It could be the right time to recycle your gold jewelry.
The price of gold tends to rise when the economy is doing poorly. Over the last two years, gold prices have risen about 70 percent. Though the price has dipped since reaching record highs, gold still shines.
And it is infinitely recyclable. “We are one of the greenest industries around,” says Cecilia Gardner, president and CEO of the Jewelers Vigilance Committee, a nonprofit effort to ensure industry ethics.
“Gold has been recycled since ancient times. Once gold comes out of the ground, it never goes back in. It’s used over and over again.”
The kind of gold you can sell ranges from inexpensive gold trinkets to dental gold to solid gold coins and fine jewelry.
- Selling jewelry
- Gold coins
- Dental and other gold
- Valuing your gold
- Finding a buyer
A jeweler, pawn broker, gold refiner or scrap gold dealer will buy the stuff in the back of your jewelry box at a price based on the weight of its gold content, minus a handling fee. He melts down the jewelry, extracts the gold and sometimes some of the hardening agents and resells it or uses it himself.
You can pocket the cash — or if you prefer, many jewelers will trade the old jewelry in for something you like better.
The gold content of jewelry is indicated in karats. Solid gold jewelry is 24 karats. Lesser jewelry has less gold content and more of other metals and hardening agents. Gold buyers will only pay for gold. With few exceptions, other metals have no resale value.
Generally, the gold content of any piece of jewelry will be marked on it somewhere — on the inside of a ring or bracelet and on the clip of a necklace or the back of an earring. For instance, a 14-karat piece of jewelry may actually have “14 karat” inscribed on it in tiny lettering or the lettering may say “14/24” or “14K.”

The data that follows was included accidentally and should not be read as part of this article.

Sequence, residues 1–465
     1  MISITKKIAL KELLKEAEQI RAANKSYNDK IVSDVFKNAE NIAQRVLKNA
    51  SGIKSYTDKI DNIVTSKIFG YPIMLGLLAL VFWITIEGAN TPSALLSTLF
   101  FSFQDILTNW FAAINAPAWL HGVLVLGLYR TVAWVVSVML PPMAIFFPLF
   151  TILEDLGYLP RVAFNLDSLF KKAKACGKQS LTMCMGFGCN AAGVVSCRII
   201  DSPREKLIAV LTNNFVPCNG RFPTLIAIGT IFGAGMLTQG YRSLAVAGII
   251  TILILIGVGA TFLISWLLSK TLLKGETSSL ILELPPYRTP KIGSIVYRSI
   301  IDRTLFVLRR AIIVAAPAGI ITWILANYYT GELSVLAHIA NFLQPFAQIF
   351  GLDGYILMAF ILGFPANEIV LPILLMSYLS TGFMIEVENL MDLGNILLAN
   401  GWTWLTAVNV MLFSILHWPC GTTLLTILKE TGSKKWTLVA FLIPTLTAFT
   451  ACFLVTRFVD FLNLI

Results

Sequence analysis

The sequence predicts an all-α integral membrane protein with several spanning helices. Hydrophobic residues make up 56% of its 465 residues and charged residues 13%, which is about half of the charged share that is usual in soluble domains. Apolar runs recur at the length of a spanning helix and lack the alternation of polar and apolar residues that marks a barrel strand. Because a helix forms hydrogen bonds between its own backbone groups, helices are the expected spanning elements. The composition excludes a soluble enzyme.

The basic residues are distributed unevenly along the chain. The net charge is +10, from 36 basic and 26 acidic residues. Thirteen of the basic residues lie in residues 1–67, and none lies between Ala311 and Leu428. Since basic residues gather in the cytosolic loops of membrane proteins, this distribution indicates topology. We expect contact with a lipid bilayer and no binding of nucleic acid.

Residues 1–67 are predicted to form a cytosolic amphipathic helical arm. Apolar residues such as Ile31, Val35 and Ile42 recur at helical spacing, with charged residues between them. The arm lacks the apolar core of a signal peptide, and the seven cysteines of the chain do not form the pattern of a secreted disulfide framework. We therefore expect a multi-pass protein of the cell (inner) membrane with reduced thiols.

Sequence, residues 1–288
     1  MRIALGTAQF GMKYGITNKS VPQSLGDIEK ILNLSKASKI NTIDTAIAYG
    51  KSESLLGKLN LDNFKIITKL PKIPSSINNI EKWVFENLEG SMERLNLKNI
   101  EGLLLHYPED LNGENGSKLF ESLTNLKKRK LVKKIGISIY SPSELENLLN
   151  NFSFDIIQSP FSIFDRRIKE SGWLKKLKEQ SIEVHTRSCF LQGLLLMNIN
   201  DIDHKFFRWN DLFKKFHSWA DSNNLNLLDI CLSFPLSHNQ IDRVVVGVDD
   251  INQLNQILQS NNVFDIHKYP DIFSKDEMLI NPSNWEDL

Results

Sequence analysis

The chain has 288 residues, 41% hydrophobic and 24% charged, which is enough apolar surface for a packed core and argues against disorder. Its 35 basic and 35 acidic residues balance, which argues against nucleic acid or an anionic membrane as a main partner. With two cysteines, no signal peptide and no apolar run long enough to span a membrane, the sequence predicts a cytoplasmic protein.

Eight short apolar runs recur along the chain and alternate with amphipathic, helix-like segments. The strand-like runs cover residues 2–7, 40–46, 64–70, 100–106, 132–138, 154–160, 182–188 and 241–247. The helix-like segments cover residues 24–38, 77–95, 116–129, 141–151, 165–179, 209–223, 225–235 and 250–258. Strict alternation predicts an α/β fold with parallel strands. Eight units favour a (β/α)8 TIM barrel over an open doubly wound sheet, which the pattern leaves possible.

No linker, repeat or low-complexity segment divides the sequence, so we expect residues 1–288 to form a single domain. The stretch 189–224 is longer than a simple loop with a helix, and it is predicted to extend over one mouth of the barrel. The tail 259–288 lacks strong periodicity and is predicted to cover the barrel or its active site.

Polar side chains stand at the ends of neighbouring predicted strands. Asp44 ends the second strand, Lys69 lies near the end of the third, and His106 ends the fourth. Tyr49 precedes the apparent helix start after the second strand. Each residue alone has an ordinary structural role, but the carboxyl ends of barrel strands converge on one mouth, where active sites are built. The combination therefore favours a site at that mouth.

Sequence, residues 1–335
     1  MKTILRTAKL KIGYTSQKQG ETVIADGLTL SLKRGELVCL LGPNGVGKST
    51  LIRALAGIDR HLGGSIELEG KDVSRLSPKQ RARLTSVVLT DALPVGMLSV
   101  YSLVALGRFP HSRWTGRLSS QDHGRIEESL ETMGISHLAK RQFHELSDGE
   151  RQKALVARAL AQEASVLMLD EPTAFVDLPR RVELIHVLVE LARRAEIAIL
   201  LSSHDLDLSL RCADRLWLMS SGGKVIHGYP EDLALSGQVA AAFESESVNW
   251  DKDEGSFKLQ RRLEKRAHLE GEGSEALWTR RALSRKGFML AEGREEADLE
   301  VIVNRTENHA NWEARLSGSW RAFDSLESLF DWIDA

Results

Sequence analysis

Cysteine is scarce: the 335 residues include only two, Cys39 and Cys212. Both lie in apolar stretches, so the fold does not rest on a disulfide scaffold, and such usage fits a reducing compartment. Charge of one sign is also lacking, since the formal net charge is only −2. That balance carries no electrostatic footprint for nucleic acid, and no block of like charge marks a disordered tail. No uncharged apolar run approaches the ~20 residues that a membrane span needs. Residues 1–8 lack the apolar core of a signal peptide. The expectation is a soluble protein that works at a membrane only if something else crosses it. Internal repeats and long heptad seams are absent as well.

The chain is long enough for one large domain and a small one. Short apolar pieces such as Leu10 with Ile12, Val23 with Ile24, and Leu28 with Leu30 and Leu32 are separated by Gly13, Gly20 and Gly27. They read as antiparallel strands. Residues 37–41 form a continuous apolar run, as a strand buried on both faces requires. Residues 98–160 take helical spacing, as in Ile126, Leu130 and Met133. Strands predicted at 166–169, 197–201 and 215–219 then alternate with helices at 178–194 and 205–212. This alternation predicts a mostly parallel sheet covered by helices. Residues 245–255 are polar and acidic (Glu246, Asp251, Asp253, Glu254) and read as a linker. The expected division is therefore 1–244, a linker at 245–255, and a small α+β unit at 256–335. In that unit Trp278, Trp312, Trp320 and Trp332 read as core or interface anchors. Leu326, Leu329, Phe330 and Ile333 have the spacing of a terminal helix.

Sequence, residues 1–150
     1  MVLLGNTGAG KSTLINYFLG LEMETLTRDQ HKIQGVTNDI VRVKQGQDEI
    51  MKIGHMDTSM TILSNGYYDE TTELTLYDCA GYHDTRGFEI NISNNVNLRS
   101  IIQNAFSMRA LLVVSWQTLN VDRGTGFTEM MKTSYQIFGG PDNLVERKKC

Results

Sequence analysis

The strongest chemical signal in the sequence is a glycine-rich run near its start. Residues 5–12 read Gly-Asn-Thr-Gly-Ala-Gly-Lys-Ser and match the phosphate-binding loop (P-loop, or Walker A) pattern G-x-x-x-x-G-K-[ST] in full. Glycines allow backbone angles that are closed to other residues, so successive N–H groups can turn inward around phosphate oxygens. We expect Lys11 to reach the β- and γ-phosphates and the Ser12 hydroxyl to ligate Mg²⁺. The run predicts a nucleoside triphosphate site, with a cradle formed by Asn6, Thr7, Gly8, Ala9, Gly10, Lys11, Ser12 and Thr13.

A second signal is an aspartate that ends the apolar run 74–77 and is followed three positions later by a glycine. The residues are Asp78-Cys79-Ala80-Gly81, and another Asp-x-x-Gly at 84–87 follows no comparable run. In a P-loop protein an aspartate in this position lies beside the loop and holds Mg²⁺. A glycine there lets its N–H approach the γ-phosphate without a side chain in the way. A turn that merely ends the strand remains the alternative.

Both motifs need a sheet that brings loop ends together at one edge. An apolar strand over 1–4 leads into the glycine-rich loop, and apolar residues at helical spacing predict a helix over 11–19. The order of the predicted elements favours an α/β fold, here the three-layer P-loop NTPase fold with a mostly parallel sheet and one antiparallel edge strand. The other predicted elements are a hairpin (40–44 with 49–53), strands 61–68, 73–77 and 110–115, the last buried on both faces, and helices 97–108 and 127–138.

The less gold content in a piece of jewelry, the less money it will be worth to anyone who intends to melt it down. When you buy jewelry in the store, you are paying for the design and craftsmanship, as well as any precious and semi-precious stones that may be a part of the piece. A beautifully designed piece of jewelry may have more resale value as used or “estate” jewelry than it will have as recycled gold. If you think that might be the case, get the piece appraised.
Michael Gusky, owner of Goldfellow.com, points to the heavy gold chains and bracelets that were popular among men in the 1970s as perfect candidates for meltdown. They have no resale value as jewelry because they are so far out of fashion, but the best of them had substantial gold content. Gusky says he recently paid $1,575 for a gold bracelet a customer bought 30 years ago for $1,000 during a visit to the Caribbean. The customer was “absolutely stunned,” Gusky says.
Most buyers of gold won’t pay anything for stones, with the exception of diamonds. So if you want them, remove them yourself or have them removed before you turn a piece of gold jewelry over to a buyer.
If you’ve inherited somebody’s coin collection and it includes some gold coins, these can be sold for meltdown as well. But it will probably pay to get an informal appraisal first. Coin dealers who are members of the American Numismatic Association subscribe to a code of ethics and should be able to examine gold coins and tell you whether they have more value as coins or bullion.
“When valuing gold coins, there are a lot of components. When the price of (gold) is very strong, based on authenticity, condition and rarity, some coins are worth more for their bullion than they are as a coin. A good dealer should be able to help you with this,” says Jay Beeton, the association’s marketing director.
Beeton also suggests getting a second opinion — “because there are people who will take advantage of you.”
Dental and other gold